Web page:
William Swallow completed a Masters by Research (MRes) in Sport and Exercise Science, and now works for Scottish Premiership giants Celtic Football Club.
After graduating in January 2020, the aspiring fitness and rehabilitation coach immediately found himself in demand, landing a lucrative role at Celtic’s academy.
The 22-year-old, from Morecambe, Lancashire, works with a range of players, from Under 11s to Under 17s, as he attempts to ‘nurture’ them into the first team.
William explained: “It all happened really quickly and, if I’m honest, I still can’t quite believe it.
“I’m extremely grateful for this amazing opportunity. The interview process was fairly nerve-wracking and I was competing with over 180 other applicants because it’s such a major role.
“But now I’m looking forward to learning about all the talented players in the academy - and I aim to do my bit to help nurture these young athletes.”
William previously completed an undergraduate degree in Sport & Exercise Science at Hope before joining the MRes course.
And he’s well aware of the size and history of the club he’s joining - with Celtic winning no fewer than 50 league titles and having lifted the European Cup in 1967, becoming the first British team to have ever done so.
William, who played left wing for local side Morecambe Royals, added: “I’ve heard a lot about the intense atmosphere during games at Celtic Park and I can’t wait to sample it for myself.”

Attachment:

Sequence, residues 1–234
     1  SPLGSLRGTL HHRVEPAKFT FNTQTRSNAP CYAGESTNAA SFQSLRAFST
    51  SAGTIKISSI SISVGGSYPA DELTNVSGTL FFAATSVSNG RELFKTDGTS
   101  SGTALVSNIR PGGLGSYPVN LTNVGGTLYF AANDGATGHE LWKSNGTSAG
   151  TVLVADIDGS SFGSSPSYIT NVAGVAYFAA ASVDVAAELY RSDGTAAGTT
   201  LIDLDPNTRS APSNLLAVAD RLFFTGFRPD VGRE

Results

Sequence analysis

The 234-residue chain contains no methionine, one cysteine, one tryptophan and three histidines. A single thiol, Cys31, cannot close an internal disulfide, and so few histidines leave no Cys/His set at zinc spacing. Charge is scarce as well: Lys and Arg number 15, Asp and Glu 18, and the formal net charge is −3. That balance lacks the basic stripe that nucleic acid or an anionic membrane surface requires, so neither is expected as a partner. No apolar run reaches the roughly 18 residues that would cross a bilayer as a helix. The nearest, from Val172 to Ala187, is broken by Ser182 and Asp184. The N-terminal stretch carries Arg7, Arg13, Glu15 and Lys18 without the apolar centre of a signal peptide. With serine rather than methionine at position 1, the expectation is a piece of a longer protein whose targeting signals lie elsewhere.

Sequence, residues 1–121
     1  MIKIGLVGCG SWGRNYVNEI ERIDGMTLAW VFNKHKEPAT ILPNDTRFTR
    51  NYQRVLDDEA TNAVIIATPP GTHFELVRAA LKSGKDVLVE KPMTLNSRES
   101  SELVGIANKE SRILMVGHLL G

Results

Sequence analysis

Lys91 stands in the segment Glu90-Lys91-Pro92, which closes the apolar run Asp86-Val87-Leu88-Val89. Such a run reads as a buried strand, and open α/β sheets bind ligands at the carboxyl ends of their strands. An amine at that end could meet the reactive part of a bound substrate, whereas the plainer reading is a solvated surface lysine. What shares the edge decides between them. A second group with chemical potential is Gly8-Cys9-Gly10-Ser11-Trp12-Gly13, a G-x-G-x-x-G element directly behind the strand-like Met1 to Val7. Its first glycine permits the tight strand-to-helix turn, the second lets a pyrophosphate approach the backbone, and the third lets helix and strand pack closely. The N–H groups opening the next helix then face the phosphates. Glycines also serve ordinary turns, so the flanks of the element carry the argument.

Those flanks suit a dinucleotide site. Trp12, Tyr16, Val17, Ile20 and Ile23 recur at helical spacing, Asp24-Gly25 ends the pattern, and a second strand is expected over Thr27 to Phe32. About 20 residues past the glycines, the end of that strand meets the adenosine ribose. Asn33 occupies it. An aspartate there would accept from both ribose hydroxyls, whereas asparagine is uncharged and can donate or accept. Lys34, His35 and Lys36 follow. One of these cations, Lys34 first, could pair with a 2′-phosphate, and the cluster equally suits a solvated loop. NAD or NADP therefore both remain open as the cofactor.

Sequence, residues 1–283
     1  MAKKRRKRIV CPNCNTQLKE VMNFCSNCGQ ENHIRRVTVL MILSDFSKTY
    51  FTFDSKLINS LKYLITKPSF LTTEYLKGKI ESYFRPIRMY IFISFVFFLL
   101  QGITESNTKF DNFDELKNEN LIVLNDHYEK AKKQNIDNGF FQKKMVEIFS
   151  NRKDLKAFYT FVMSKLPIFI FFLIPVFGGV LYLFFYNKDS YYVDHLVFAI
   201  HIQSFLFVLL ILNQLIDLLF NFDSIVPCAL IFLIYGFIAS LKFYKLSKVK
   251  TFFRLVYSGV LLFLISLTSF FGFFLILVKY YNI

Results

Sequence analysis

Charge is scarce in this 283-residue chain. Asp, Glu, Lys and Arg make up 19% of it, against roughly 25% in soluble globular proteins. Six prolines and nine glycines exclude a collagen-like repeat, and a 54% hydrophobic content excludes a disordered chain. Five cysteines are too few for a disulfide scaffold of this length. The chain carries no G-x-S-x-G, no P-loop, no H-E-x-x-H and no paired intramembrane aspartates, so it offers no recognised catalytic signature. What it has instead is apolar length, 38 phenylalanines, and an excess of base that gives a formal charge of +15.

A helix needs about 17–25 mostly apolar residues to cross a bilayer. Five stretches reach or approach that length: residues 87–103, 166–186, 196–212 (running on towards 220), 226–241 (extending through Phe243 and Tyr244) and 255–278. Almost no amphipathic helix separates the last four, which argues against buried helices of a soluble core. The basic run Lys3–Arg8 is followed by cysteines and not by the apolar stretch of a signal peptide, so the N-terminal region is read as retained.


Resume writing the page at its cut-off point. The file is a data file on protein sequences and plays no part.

The three-year role itself comes as part of a PhD William will be undertaking with the University of the West of Scotland.
And he explained how his studies at Hope have set him up perfectly for the challenges ahead.
The Morecambe FC fan said: “I’ve loved being at Hope. The course was close-knit and the tutors were fantastic, too, which made for a great atmosphere.
“But the biggest thing for me was that we had a great deal of freedom to choose what we wanted to learn, and which independent research project we wanted to follow.
“I was able to work as an intern with Bury FC and Southport FC, thanks to the close links the University has with a host of Football League clubs.
“And it helped me a lot, particularly in terms of taking the GPS data of players from those teams and using it in my own research project.”
Ultimately, William’s thesis was titled, ‘Quantification of in-season training load in lower league English soccer’.
And he added: “I’m just at the beginning of my career. But I aspire to continue working in elite football, and to develop as both a researcher and practitioner.”